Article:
Tunisia's Brotherhood demands compensation for its prisoners despite country’s collapse
The Brotherhood’s Ennahda movement insists on draining the Tunisian state’s resources until the last breath. While Tunisia is experiencing a catastrophe with an almost complete collapse of its health system in light of the corona pandemic, the head of Ennahda’s Shura Council, Abdelkarim Harouni, renewed the movement’s request for Prime Minister Hichem Mechichi’s government to quickly pay compensation to political prisoners from the era of former President Zine El Abidine Ben Ali, as most of them belong to the Islamist movement.
Harouni's request caused public opinion to turn against the Brotherhood, as observers and Tunisians accused it of not taking into account the economic conditions of the country that pays it to obtain aid and loans, especially due to the corona crisis, which the Tunisian government has so far been unable to control.
By reviewing the aforementioned compensation file, Ennahda adopted the principle of putting pressure on successive governments to push for extracting controversial compensations since 2012.
Whenever Ennahda raises this file, widespread criticism comes out of it due to the difficult economic situation since 2011, such that the Minister of Finance in 2012, Houcine Dimassi, submitted his resignation in July of the same year in protest against the intention of the Ennahda-led government to issue a law allowing the payment of material compensation for thousands of former political prisoners.
Dimassi considered the compensation to be paid, as the state proceeded to provide it with more than $1 billion, describing the compensation law as the “most dangerous slip” taken by the government due to the economic repercussions.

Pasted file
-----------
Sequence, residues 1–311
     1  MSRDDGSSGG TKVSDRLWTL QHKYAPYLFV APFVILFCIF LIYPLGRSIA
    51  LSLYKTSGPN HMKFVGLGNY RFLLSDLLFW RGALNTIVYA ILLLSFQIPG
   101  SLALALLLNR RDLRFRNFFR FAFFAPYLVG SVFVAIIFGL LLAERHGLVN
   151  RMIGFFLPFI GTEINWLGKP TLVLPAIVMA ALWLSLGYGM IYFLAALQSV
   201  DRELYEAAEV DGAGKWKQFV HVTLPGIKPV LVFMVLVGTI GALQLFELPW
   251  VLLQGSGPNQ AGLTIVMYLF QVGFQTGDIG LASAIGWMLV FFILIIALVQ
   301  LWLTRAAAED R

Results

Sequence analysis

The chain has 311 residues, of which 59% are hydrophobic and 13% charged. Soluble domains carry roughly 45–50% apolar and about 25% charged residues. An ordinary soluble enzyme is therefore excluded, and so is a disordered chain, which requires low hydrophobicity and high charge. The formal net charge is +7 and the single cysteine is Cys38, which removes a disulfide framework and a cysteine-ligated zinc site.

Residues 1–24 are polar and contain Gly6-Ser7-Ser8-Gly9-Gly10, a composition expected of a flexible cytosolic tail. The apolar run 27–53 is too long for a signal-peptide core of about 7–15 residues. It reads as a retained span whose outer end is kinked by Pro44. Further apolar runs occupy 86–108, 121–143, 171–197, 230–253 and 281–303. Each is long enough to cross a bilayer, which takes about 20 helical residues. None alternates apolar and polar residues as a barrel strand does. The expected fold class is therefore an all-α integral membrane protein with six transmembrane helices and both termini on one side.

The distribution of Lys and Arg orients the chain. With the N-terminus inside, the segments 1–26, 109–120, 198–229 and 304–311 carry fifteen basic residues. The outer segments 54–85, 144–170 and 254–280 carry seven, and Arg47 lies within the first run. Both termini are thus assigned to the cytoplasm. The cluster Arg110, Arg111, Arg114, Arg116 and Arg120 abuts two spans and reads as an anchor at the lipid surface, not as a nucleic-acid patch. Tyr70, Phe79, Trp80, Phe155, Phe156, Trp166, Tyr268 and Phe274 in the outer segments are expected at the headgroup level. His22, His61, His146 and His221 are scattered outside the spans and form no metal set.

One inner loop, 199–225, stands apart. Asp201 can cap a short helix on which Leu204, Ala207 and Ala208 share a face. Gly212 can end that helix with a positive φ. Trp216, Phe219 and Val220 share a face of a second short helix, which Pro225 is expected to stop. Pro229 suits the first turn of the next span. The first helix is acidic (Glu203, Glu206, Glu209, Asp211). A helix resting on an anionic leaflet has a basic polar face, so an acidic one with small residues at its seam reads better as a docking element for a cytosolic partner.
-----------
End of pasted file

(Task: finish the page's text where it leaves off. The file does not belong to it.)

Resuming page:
Following Dimassi’s resignation, hundreds of people demonstrated in front of the parliament to warn against approving the compensation law, while the media and economic experts pointed to the negative repercussions it would have on the country's economy, which is suffering from a recession.
Under pressure from public opinion, the government announced the postponement of the decision on the issue of compensation for an indefinite period, but it promised to “fulfill its obligations” towards those covered by the general amnesty decree, which gives those who were imprisoned or expelled during the era of ousted President Zine El Abidine Ben Ali on the basis of union or political activity the right to return to work and to request compensation in accordance with procedures and formulas established by a special legal framework.
Despite Ennahda’s pressure on numerous occasions and the rejection of its requests, the current catastrophic situation due to the spread of the corona virus raises questions about why the movement is opening this thorny file at a time when the country is preoccupied with a greater disaster and an economic situation that nearly unable to meet citizens’ needs for salaries and healt services.
There are indications that Mechichi’s government is threatening to leave in this situation, as it has proven its failure to change the economic conditions or limit the spread of corona, and by virtue of the fact that Ennahda was at one time the most prominent supporter of Mechichi’s government when President Kais Saied was pushing for its departure.
Ennahda believes that by defending Mechichi and helping him remain in power, then that means he must comply with its requests.
With the increasing possibility of Mechichi leaving the government, Ennahda will lose its pressure card on the government, given that the new government will not be indebted to the movement, as is the situation with the current government.
Hence, Ennahda is trying to take advantage of Mechichi until the last chance in an attempt to pass all the bills it wants before he leaves power.
It is noteworthy that Tunisia recorded 189 deaths on Friday, the highest daily death toll since the corona pandemic began last year, while 8,500 new cases were recorded.